The study included 30 patients in their mid-70s who were participating in The Memory and Aging Project at Washington University’s Knight Alzheimer’s Disease Research Center. None of the patients included in the study were cognitively normal and not showing any clinical symptoms of Alzheimer’s. All participants were given eye exams using optical coherence tomography angiography. They also underwent PET scans and/or a spinal tap to determine whether they had biomarkers which would suggest preclinical Alzheimer’s.

The results of the PET scans and spinal taps showed that over half of the participants in the study had elevated levels of beta-amyloid proteins and tau. These participants were diagnosed with preclinical Alzheimer’s. Significant thinning of the center of the retina was also observed in these patients. Along with the area at the center of the retina being significantly larger. This change suggests less blood flow to the area. Given the brain and retina are interconnected, any changes in the brain could cause changes also in the cells in the retina. However, patients whose retinas appeared to be normal also had normal PET scans and spinal taps.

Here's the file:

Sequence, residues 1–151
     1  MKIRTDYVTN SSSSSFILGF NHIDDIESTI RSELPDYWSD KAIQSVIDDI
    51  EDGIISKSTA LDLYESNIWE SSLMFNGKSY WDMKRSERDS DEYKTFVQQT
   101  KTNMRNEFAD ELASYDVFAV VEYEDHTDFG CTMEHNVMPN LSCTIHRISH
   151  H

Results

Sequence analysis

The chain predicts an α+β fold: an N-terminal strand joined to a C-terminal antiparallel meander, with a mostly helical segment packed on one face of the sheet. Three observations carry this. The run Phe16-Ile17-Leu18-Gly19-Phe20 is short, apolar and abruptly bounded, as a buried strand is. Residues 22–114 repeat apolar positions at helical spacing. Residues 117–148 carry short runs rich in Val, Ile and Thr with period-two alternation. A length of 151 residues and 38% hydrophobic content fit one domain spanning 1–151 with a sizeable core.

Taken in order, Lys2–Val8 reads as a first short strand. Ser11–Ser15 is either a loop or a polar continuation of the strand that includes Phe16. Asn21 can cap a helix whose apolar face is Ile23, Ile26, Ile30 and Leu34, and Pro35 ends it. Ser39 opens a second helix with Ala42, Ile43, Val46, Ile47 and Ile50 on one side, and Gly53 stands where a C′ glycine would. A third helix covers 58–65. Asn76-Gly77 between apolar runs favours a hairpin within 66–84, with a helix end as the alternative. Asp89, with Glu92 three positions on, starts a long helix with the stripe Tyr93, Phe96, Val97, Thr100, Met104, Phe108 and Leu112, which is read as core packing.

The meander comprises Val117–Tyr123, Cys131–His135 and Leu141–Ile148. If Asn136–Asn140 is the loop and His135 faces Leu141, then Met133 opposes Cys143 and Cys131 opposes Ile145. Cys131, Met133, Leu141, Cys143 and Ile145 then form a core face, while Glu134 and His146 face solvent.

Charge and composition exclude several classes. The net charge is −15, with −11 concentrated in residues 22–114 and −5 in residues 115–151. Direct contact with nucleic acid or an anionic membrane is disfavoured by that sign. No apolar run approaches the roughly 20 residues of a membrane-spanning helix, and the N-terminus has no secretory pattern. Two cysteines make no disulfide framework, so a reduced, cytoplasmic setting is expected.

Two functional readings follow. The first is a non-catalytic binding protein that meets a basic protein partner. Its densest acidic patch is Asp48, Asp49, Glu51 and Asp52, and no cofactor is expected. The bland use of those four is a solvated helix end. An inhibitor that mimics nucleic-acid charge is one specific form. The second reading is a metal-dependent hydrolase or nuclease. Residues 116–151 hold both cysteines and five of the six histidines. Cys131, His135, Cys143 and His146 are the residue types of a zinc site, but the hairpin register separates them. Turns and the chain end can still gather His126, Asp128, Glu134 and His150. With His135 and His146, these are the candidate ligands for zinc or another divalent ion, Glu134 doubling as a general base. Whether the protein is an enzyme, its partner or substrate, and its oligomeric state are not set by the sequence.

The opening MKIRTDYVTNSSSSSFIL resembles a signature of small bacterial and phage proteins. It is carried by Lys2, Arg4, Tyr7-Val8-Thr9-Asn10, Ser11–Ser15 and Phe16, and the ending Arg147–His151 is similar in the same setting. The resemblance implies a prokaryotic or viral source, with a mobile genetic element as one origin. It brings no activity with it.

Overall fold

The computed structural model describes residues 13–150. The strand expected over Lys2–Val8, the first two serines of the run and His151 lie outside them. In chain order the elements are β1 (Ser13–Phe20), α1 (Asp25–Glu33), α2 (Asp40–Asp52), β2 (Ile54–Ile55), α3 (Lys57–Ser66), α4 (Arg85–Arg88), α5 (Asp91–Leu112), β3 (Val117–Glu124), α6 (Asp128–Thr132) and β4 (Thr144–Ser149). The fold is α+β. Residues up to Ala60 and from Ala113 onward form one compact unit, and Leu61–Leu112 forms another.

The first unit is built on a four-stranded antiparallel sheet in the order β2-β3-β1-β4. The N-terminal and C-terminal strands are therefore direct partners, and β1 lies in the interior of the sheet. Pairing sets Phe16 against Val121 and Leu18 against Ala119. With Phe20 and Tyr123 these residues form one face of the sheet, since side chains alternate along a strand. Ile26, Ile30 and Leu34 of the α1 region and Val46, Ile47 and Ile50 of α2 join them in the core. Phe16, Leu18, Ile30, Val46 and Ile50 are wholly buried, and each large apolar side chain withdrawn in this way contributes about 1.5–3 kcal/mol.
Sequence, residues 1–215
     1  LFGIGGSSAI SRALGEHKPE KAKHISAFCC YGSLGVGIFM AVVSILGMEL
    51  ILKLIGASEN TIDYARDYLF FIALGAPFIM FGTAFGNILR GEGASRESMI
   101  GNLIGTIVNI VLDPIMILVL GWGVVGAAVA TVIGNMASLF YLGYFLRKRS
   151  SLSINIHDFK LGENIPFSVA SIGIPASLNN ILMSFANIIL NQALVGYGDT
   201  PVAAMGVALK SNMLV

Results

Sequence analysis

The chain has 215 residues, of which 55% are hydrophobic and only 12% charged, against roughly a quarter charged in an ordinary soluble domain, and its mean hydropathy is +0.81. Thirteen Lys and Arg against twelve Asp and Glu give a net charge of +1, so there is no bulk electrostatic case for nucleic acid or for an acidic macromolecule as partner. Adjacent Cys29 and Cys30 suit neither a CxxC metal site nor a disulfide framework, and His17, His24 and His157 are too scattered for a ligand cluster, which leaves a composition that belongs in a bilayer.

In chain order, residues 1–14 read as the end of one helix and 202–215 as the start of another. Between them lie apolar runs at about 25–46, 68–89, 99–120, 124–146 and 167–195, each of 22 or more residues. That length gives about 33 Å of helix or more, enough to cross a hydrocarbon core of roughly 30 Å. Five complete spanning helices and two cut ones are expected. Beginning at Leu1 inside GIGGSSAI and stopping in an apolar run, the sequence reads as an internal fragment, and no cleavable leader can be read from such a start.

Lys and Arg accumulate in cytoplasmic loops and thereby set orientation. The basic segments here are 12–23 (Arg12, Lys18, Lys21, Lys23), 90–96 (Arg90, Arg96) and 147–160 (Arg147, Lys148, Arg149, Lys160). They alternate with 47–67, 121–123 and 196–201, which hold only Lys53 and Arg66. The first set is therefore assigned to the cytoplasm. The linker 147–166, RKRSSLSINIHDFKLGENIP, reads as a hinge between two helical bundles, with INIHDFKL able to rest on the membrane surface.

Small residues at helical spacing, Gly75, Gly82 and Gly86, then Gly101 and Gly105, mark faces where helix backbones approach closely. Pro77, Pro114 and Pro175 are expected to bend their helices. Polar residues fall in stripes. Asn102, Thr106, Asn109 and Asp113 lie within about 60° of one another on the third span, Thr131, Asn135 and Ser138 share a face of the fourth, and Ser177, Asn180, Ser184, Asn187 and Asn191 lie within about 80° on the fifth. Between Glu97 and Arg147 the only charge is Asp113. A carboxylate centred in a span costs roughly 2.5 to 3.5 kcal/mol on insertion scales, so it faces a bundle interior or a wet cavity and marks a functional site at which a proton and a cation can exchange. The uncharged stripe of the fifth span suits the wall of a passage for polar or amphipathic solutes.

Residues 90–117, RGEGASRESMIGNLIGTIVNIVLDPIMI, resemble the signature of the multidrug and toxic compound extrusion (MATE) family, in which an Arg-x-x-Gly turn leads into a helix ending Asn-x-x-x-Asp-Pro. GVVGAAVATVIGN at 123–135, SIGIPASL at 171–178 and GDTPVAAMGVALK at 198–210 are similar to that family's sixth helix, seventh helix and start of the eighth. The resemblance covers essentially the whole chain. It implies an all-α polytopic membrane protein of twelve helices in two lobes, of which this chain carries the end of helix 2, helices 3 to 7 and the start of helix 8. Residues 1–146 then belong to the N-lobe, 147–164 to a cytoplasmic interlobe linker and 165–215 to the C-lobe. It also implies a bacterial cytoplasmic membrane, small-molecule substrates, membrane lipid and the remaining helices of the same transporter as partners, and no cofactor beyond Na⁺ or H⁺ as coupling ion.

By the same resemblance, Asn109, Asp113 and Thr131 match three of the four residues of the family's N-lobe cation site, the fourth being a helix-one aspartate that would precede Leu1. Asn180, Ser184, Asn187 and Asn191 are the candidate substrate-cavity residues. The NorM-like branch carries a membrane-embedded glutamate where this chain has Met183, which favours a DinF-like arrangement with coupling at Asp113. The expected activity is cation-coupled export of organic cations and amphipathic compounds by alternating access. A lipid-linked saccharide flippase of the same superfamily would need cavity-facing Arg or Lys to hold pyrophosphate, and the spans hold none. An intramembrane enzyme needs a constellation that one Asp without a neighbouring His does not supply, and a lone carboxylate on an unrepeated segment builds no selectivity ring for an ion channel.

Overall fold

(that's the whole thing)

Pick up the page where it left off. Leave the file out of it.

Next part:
An opportunity to start treatments earlier and delay further brain damage

These findings indicate changes occur in the retinas of individuals with preclinical Alzheimer’s at early stages of the disease. This Alzheimer’s research suggests using this new non-invasive technique, it may be possible one day to use eye tests to screen people much earlier for markers indicating they may be at high risk for developing Alzheimer’s. Further larger scale studies are required to replicate these results and validate them. However, the results are promising and if Alzheimer’s is detected earlier, this offers the opportunity to start treatments earlier and delay further damage to the brain.

Written by Lacey Hizartzidis, PhD


  1. O’Bryhim B, RS A, Kung N, Coble D, GP VS. Association of preclinical alzheimer disease with optical coherence tomographic angiography findings. JAMA Ophthalmol. 2018:1-7. doi:10.1001/jamaophthalmol.2018.3556.
  2. Alzheimer’s one day may be predicted during eye exam. Washington University School of Medicine in St. Louis website https://medicine.wustl.edu/news/alzheimers-one-day-may-be-predicted-during-eye-exam/. Accessed September 8th, 2018.
Lacey Hizartzidis PhD
Lacey Hizartzidis PhD
Lacey has a Ph.D. in Medicinal Chemistry from the University of Newcastle in Australia. Her research investigated the use of flow chemistry to synthesize potential anti-cancer agents. Having authored a number of articles published in international journals, she has developed a love for writing. Coupled with her passion for science and health, Lacey truly enjoys writing for Medical News Bulletin and helping people to understand the important and exciting scientific research being conducted around the world. With an adventurous spirit, Lacey also enjoys travelling the world, living a healthy life and helping others to do so as well.